The Temple of the Emerald Buddha is located in one corner of this outer court. The Central Court is where the residence of the King and halls used for conducting state business were located. Only two of the throne halls are open to the public, but you’ll be able to marvel at the exquisite detail on the facades of these impressive structures.
There is so much to see and photograph, from statues, stupas, ponds, Wats and various other buildings and all of them are extremely well decorated and usually overwhelmed in gold paint (or leaf). It really is a spectacular site to see.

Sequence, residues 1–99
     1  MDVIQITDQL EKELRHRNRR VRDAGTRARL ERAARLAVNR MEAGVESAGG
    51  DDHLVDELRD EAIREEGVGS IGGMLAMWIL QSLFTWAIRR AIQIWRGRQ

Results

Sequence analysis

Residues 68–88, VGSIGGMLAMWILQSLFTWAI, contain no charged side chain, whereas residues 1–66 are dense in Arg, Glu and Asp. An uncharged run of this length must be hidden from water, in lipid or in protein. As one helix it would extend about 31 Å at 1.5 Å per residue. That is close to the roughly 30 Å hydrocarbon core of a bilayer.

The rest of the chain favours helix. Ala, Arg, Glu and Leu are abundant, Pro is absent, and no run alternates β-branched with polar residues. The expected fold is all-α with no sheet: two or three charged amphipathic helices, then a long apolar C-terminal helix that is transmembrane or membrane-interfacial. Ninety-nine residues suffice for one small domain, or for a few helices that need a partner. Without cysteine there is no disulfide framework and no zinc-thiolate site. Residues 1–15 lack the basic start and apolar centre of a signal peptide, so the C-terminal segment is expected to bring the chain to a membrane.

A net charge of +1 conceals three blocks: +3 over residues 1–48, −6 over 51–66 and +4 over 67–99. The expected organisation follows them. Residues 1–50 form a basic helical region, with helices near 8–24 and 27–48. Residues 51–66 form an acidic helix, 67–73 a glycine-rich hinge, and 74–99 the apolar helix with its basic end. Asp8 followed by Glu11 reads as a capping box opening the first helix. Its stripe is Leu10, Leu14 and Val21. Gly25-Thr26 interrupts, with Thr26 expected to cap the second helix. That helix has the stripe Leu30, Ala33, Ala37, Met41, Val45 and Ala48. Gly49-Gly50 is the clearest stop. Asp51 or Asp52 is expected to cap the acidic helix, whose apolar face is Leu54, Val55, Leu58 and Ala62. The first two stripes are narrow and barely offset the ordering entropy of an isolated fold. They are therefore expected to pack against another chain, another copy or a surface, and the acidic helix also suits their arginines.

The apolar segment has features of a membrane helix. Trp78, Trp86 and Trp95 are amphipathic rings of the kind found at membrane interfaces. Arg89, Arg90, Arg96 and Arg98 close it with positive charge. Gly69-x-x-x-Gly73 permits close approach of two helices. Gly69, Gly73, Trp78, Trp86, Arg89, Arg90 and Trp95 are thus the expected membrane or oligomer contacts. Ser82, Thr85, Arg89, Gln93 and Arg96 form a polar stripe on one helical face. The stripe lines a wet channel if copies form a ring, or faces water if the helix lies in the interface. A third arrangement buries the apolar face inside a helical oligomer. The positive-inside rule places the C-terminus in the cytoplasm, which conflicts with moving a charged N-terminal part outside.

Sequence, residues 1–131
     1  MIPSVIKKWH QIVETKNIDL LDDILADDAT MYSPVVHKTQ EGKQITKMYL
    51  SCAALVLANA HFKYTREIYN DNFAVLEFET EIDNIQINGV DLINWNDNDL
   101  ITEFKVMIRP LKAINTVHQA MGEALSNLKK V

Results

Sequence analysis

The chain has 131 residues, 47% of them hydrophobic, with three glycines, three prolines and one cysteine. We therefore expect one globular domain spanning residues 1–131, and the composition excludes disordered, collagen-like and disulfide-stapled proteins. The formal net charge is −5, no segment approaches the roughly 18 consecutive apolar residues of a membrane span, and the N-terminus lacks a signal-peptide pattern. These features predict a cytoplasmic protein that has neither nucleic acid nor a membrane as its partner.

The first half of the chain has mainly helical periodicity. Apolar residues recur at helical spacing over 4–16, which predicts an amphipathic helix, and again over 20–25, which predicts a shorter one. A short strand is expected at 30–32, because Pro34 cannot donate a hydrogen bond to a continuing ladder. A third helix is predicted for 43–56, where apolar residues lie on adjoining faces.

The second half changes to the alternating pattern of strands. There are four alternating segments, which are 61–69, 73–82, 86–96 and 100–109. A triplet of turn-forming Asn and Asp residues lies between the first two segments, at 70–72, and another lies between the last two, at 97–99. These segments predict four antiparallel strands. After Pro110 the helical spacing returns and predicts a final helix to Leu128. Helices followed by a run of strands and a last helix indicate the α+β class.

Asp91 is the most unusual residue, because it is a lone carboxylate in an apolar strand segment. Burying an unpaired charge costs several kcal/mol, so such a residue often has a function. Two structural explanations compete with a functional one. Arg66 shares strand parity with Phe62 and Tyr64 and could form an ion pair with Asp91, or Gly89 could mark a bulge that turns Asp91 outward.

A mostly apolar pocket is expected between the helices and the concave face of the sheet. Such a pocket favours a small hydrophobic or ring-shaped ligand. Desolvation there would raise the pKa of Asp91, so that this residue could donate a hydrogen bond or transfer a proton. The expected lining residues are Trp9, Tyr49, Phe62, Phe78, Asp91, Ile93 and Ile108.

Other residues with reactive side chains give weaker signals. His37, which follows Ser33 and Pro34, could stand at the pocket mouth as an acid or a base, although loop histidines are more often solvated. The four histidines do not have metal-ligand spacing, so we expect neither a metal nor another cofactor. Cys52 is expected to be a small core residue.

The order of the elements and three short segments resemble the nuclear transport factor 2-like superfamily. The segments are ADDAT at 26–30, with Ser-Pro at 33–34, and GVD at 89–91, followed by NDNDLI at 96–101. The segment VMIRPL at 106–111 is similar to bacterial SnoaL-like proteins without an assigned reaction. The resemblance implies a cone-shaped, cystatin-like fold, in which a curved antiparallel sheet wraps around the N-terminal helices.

Undoubtedly the city’s most famous landmark. Built in 1782 – and for 150 years the home of the Thai King, the Royal court and the administrative seat of government – the Grand Palace of Bangkok is a grand old dame indeed, that continues to have visitors in awe with its beautiful architecture and intricate detail, all of which is a proud salute to the creativity and craftsmanship of Thai people.